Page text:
Of course, “most famous” is a subjective term, but the Waikiki Roughwater Swim fits the bill as well as any swim in the world!

The beach of Waikiki is one of the most well known beaches in the world, with perfect sand, wind, waves and sunny temperatures.  But it is not the only idylic swimming spot in the world. Other races in tropical paradise’s like Turks and Caicos Race for the Conch, El Cruce in Cancun, Mexico, or the Barbados Open Water Festival are just a few that come to mind.

The Waikiki Roughwater Swim started in 1970.  But there are several older swims around the world, such as the Liffey Swim in Dublin, Ireland, which is almost 100 years old, as it has run continuously since 1920.

At around 1,000 swimmers in the Waikiki Roughwater Swim, there are also bigger races, such as the Vansbro Swim in Sweden, with 14,000 swimmers and the Midmar Mile in South Africa, with 15,000 swimmers.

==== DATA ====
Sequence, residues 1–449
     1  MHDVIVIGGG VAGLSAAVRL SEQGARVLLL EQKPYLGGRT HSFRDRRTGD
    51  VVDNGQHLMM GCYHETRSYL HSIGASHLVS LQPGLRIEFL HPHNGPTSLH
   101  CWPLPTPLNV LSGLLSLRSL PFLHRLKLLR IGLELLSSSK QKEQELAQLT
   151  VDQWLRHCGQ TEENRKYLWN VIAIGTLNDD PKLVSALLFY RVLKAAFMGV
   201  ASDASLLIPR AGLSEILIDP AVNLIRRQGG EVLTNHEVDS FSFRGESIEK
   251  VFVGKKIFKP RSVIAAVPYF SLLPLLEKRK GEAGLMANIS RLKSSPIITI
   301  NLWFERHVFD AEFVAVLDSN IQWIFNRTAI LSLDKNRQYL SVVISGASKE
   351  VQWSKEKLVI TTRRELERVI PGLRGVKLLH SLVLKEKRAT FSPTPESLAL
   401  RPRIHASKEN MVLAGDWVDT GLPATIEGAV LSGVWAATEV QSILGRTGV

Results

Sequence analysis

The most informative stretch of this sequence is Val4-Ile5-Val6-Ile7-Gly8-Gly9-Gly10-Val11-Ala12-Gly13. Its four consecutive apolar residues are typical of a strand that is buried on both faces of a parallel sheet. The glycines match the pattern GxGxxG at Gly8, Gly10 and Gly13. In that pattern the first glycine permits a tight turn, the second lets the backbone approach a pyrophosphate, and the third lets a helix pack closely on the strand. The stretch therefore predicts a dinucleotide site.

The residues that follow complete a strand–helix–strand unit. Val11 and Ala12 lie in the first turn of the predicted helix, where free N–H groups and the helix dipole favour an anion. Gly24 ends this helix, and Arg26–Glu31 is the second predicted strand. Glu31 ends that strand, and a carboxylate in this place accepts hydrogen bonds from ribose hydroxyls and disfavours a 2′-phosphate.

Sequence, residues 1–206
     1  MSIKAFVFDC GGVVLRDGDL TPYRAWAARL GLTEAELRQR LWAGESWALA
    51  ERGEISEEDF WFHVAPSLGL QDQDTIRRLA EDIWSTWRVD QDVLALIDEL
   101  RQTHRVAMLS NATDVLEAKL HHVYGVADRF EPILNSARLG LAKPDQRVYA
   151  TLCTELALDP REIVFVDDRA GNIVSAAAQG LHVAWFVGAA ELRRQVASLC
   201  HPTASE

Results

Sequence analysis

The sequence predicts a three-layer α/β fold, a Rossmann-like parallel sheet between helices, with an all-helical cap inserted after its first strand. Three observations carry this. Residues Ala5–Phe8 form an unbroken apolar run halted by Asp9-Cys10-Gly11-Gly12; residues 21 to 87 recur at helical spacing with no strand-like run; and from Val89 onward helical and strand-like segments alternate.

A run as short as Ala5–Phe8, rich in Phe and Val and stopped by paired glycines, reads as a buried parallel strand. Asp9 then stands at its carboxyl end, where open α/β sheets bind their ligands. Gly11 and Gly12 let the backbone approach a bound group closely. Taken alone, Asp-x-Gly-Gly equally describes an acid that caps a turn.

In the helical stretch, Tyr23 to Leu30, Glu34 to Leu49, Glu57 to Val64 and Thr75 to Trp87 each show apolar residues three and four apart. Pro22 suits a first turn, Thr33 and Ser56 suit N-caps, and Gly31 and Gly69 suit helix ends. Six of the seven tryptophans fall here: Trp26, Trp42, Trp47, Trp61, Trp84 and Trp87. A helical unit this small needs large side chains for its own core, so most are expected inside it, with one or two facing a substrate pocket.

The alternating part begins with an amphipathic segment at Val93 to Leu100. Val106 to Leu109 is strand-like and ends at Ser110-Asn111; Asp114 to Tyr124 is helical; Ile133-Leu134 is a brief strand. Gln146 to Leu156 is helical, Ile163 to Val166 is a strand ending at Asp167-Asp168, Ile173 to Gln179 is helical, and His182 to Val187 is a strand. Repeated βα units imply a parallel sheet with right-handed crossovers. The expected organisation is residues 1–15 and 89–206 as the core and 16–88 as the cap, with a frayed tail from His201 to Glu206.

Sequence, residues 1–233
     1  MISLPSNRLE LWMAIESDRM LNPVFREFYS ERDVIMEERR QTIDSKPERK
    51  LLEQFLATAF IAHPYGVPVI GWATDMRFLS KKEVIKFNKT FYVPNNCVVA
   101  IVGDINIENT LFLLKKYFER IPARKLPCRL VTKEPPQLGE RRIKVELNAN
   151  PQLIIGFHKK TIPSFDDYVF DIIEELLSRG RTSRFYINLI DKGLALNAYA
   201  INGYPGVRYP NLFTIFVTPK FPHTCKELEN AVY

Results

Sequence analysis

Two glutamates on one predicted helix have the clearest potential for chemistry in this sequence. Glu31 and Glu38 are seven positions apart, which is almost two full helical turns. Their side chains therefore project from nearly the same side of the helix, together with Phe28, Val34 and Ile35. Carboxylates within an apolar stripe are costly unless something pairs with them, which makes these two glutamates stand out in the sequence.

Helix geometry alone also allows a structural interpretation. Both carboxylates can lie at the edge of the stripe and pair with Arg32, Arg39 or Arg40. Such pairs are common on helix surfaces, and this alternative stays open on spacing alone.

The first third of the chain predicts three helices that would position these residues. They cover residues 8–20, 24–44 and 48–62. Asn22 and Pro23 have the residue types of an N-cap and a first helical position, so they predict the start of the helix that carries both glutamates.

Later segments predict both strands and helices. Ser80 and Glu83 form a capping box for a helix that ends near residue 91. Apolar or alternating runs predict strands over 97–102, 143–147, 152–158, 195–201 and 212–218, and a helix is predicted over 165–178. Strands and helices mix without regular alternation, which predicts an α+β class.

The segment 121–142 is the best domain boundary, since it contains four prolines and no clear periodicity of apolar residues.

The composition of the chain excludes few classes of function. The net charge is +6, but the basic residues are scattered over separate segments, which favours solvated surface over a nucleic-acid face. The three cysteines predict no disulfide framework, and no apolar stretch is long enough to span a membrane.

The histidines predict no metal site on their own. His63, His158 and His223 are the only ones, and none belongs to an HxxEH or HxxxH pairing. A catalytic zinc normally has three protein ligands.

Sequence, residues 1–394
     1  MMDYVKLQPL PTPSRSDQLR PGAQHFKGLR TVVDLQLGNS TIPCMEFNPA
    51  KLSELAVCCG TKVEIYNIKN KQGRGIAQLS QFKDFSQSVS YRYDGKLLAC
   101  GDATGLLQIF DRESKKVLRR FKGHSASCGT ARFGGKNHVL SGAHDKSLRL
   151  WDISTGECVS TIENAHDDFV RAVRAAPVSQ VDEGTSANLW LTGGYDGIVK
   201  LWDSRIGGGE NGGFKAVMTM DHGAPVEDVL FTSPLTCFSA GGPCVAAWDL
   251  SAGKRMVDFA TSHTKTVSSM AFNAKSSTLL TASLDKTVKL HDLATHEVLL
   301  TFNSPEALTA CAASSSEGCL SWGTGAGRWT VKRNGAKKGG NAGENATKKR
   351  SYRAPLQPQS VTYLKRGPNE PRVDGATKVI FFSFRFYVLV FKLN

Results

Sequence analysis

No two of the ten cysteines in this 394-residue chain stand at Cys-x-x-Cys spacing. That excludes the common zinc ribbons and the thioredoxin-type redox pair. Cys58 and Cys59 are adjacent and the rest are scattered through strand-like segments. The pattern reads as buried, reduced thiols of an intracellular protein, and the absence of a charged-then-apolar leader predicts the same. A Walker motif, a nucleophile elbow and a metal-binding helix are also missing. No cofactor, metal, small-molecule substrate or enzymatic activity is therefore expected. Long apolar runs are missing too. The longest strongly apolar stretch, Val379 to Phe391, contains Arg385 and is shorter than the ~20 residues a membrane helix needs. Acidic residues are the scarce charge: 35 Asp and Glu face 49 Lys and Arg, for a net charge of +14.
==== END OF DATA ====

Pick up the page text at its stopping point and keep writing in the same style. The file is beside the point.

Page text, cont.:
But the WRS has a very storied and famous history since it was founded by Jim Cotton in 1970.  Since then there have been many Olympic medalists (like 6 time medalist Rebecca Soni) and countless world class swimmers, and even movie stars (including Buster Crabbe who played Tarzan).

However, when you wrap all of these amazing facts of location, age, size and history into one race it makes it a very special race. But what puts it over the top is that it is the race that went on to make a whole other sport famous.

You see, the Waikiki Roughwater Swim, is where the swim leg of the Ironman came from.

In 1978, during an awards banquet for the Waikiki Swim Club, John Collins, a Naval Officer stationed in Hawaii, and his fellow athletes began debating which athletes were the fittest: swimmers, bikers, or runners. Later, he and his wife Judy, who had both participated in new competitions known as triathlons in San Diego, decided to combine three of the toughest existing endurance races on the island: the 2.4 mile (3.8k) Waikiki Roughwater Swim, the 112 mile (180k) Round the Island Bike Ride and the 26.2 mile (42.2k) Honolulu Marathon.

On February 18, 1978, 15 competitors, including Collins, came to the shores of Waikiki to take on the first-ever Hawaiian Iron Man Triathlon.  “And the whoever comes first we’ll call the Ironman”.

So mark it on your calendar, September 1, 2018, and come and be a part of swimming history… make your own history!

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